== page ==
Administrator Presents 2010 Tentative Budget
County Administrator Joe Mareane delivered to the County Legislature a 2010 Tentative County Budget that calls for reductions in both spending and workforce, while meeting the Legislature’s goal of increasing the tax levy by no more than 3 percent.
The recommended budget totals $73.1 million in local spending. The budget reduces spending by $1 million (1.3%) and the County’s workforce by 26 full-time equivalent positions (3.4%), while striving to maintain a scope of services responsive to community needs. It calls for the 3% increase in the tax levy (the total amount of property tax revenue that must be collected to balance the budget) and increases the tax rate (the amount property owners pay per thousand dollars assessed value) by one cent, to $5.94.
Administrator Mareane stressed that “daunting” economic forces have shaped this budget, not County excess. “Our problems are not a reflection of a government that has been living beyond its means, is wasteful or inefficient, or has chosen to provide services that are nice to do, but not essential,” the administrator states. “In fact, we are the opposite of that. This government is lean, productive, and focused on services that respond to the real needs of our community. Therefore, the decisions that will be made as a part of the 2010 budget process will be extraordinarily difficult—made not to “trim the fat”, but with the recognition that we must adapt to an environment that has been profoundly impacted by a global recession that is broad and deep.”
Economic pressures on the 2010 budget include a projected million-dollar drop in sales tax revenue from what was budgeted in 2009, a million-dollar increase in the cost of mandated programs, and a $1.2 million increase in mandated employee pension expense—reflecting the first installment in rapidly rising employer contributions to offset significant losses in the State pension fund.
The recommended budget maintains a “balanced response” to the County’s fiscal challenges, filling the County’s projected $4.8 million budget gap through both increased revenue and reduced spending.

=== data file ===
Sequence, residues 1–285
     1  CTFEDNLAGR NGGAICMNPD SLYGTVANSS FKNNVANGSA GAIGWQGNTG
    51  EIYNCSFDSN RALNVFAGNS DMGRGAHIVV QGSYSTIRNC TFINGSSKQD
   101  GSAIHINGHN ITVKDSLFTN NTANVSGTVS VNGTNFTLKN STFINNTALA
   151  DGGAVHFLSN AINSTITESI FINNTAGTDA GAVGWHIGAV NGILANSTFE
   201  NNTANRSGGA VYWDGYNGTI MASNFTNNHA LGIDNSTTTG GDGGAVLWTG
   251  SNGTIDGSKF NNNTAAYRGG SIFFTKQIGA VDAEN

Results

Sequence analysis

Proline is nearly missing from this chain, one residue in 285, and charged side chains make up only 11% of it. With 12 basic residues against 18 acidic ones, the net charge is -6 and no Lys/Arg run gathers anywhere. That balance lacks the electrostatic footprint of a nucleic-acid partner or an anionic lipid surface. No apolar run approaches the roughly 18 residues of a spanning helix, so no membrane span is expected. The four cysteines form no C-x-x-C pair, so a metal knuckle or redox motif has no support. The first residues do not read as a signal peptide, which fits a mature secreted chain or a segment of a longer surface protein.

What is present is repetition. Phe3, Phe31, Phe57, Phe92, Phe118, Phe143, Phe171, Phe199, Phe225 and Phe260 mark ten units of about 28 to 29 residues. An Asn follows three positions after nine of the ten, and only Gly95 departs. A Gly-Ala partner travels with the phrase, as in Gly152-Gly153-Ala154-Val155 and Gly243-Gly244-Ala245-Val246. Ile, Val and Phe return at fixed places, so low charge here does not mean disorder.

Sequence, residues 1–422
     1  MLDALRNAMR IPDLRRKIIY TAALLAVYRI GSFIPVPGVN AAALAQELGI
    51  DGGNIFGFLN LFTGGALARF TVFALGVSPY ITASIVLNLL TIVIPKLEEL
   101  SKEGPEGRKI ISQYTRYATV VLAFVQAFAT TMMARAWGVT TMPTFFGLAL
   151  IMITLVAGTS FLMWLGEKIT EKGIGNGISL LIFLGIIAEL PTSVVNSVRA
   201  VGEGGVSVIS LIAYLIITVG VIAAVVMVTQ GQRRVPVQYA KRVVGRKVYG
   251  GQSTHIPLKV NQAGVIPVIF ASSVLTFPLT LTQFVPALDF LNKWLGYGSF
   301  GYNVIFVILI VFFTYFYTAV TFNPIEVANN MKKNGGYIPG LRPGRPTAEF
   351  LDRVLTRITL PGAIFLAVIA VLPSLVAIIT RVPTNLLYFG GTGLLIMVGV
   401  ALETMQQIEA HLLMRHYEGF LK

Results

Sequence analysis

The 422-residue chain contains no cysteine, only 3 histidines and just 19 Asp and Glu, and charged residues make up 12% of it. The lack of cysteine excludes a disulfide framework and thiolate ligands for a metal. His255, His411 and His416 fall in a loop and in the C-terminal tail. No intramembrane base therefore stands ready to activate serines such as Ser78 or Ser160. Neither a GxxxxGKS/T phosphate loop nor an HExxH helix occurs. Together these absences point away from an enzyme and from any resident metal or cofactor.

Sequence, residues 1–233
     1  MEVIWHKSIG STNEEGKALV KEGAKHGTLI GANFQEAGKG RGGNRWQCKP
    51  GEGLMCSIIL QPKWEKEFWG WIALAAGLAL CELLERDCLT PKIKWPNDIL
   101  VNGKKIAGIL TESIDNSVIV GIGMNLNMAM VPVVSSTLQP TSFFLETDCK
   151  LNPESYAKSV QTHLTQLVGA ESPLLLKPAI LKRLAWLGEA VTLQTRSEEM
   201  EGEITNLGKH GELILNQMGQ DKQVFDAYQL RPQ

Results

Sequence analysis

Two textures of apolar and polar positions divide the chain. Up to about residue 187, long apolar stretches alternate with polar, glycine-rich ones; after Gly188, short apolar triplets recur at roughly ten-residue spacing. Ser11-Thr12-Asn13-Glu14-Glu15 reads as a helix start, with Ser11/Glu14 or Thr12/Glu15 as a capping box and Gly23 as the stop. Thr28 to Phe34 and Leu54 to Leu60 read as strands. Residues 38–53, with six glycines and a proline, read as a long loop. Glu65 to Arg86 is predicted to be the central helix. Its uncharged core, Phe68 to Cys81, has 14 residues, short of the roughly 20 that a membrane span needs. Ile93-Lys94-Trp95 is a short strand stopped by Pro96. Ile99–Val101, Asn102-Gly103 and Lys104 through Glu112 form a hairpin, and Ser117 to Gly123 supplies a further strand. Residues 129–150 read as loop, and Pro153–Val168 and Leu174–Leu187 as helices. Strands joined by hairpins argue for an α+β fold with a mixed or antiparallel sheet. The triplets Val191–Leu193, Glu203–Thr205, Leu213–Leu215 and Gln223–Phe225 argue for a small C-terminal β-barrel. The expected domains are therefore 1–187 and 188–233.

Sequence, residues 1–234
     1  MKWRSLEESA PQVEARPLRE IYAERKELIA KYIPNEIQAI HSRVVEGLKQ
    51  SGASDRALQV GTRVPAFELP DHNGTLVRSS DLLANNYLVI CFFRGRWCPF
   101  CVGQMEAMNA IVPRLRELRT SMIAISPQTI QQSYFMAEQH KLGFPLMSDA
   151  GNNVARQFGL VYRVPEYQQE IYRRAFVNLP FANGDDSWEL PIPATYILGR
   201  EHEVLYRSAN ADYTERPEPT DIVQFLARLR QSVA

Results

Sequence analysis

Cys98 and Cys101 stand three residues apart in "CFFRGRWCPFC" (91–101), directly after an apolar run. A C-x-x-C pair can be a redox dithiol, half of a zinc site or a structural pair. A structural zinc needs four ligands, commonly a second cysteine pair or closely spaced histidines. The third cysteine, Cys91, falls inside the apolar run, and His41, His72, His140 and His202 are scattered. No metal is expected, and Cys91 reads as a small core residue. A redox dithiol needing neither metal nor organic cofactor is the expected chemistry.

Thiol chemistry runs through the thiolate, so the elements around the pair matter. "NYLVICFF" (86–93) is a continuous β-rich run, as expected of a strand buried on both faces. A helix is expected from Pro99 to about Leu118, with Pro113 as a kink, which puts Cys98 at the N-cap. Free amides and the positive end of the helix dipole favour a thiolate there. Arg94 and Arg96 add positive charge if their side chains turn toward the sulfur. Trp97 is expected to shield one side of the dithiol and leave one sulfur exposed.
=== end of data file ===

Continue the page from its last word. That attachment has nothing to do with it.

The package will be the focus of legislative review through the Expanded Budget Committee over the next two months, leading to legislative action in November.
Contacts: County Administrator Joe Mareane, 274-5551; James Dennis, Chair, Budget, Capital and Finance Committee, 387-4058; Michael Koplinka-Loehr, Chair of the Legislature, 274-5434 or 257-2329.
Budget Community Advisory Panel Delivers 2009 Report
The Budget Community Advisory Panel, whose initial study in 2004 produced wide-ranging fiscal recommendations which, in part, led to the County’s current budget process, presented the Legislature with an updated report on County fiscal practices and policies, which recommends how the County should respond to its current fiscal challenges. The citizen panel, reconvened by the County Administrator and Chair of the Legislature’s Budget, Capital and Finance Committee in May, from its renewed three-month-long study finds that:
§ The economy is not likely to rebound quickly from the current recession. which may produce long-term structural changes in the nation’s economy. The recession’s effects on New York State create high probability of immediate and future cuts in state aid to public entities, with counties particularly vulnerable because of the nature of the services they provide. Effects of the recession on the State Retirement System will drastically increase costs for every government across New York State.
§ Competition for property tax dollars from taxpayers will intensify, when even moderate increases in local tax levies are likely to exceed affordability for large segments of the population.
§ Rapid rise of fringe benefit expenses may create ever-increasing gaps in total compensation between public employees and those in the private and not-for-profit sectors.
§ The current scope and level of County services are not sustainable in this new environment, requiring long-term solutions to achieve a sustainable budget, including elimination or reduction of non-essential programs, service delivery by a smaller County workforce. and possible shift of some services to non-governmental organizations. Mandated programs must also be examined for potential cost-saving strategies.